Plants May Contribute to Global Warming
Although photosynthesis allows plants to absorb CO2 from the air and exhale oxygen, there are some unexpected side effects with increased CO2 levels that may make plants contribute to global warming. Recent research at the Carnegie Institution for Science (CIS) has determined that as a result of the increased carbon dioxide (CO2) in our atmosphere, plants are actually retaining water that normally would evaporate from their leaves, consequently causing a local temperature increase up to 25 percent over the normal greenhouse effect.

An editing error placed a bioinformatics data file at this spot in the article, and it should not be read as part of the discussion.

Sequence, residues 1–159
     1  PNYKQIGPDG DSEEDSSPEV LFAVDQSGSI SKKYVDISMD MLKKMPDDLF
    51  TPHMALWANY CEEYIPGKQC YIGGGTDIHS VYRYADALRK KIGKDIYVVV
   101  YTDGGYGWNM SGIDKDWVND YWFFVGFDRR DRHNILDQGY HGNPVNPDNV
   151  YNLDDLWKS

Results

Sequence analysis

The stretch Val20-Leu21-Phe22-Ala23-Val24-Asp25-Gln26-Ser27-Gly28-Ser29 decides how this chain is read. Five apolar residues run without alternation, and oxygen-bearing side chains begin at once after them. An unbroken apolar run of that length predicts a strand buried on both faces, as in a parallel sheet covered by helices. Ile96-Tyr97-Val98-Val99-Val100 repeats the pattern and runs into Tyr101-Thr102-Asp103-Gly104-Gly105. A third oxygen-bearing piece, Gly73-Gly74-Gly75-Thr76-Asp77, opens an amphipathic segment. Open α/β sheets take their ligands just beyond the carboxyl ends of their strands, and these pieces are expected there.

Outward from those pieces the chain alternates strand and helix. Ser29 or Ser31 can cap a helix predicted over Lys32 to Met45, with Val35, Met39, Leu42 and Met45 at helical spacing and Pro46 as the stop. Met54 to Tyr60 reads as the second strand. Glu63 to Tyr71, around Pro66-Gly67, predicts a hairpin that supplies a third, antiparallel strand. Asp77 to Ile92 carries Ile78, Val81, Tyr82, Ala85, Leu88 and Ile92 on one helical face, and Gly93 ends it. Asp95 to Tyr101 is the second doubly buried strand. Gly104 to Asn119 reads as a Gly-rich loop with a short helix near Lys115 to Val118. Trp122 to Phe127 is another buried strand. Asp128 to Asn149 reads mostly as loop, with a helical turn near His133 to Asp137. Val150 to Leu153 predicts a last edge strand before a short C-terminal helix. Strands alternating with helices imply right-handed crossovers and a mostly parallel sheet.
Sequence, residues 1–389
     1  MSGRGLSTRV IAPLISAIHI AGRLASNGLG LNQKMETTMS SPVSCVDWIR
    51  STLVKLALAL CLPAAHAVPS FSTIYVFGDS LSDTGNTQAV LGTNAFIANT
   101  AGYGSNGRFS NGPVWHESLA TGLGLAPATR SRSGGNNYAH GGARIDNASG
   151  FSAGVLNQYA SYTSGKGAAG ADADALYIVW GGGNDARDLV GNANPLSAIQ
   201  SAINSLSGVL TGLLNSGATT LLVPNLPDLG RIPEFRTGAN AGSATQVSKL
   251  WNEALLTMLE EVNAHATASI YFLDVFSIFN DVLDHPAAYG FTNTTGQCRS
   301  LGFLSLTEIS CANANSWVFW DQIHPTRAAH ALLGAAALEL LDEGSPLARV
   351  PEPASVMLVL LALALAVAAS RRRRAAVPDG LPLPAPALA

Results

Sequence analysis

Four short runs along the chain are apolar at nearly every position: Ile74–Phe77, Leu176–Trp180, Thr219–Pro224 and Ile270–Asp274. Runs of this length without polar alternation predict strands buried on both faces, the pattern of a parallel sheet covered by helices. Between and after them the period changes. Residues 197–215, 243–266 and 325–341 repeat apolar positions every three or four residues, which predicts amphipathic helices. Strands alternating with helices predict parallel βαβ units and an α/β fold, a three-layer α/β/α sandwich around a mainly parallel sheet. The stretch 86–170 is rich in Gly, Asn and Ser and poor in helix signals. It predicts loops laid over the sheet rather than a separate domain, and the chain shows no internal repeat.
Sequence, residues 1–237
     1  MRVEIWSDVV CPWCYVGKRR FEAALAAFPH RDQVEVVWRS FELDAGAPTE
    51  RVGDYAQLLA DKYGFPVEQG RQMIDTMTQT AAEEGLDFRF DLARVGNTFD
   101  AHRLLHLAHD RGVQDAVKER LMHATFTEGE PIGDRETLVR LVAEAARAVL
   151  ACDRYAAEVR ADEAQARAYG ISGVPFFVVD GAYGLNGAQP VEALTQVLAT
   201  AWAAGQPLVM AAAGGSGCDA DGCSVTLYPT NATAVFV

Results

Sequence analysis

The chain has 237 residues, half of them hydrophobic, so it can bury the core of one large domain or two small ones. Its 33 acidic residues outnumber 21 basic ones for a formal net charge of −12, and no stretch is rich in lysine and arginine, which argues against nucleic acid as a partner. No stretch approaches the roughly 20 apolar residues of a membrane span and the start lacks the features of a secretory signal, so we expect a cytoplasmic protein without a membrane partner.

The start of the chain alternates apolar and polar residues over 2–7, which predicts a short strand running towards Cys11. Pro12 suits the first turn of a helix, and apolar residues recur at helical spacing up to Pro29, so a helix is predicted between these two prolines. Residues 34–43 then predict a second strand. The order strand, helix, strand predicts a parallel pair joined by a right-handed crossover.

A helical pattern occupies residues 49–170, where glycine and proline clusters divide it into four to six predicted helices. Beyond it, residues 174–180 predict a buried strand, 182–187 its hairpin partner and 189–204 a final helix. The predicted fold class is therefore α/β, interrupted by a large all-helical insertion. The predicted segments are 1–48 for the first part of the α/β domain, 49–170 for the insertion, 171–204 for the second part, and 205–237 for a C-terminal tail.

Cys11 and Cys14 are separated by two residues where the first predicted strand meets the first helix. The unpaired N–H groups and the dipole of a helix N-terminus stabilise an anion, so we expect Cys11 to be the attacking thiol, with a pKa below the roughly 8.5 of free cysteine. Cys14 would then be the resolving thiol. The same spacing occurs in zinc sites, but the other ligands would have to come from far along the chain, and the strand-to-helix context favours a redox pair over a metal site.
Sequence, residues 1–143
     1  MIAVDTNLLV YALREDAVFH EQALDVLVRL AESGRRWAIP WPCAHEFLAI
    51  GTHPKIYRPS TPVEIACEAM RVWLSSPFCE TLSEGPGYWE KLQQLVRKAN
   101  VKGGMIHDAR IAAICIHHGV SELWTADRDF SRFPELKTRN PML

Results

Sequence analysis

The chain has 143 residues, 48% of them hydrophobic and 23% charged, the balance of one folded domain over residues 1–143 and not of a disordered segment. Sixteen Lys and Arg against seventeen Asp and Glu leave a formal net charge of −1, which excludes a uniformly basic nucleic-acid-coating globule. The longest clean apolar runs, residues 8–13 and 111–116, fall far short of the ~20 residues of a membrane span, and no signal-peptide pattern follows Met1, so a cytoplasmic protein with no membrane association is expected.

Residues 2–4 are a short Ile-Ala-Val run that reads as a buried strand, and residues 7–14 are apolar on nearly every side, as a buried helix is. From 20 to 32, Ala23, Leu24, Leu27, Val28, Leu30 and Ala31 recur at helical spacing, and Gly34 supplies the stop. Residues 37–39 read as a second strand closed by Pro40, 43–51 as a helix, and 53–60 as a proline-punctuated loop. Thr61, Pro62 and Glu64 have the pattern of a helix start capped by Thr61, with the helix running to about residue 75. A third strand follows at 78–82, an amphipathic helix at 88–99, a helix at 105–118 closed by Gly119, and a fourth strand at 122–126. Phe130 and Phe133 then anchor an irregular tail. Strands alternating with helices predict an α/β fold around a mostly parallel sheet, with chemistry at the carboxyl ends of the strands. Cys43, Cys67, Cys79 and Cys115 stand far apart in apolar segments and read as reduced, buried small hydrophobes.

According to a report in the Proceedings of the National Academy of Sciences, scientist Long Cao explained, "There is no longer any doubt that carbon dioxide decreases evaporative cooling by plants and that this decreased cooling adds to global warming. This effect would cause significant warming even if carbon dioxide were not a greenhouse gas.” The small vents in plant leaves, called stomata, do not need to open as wide to breathe in the CO2, so they close up, which prevents water from escaping. This effect is not included in current climate models, and could well complicate attempts to reverse the effects of global warming.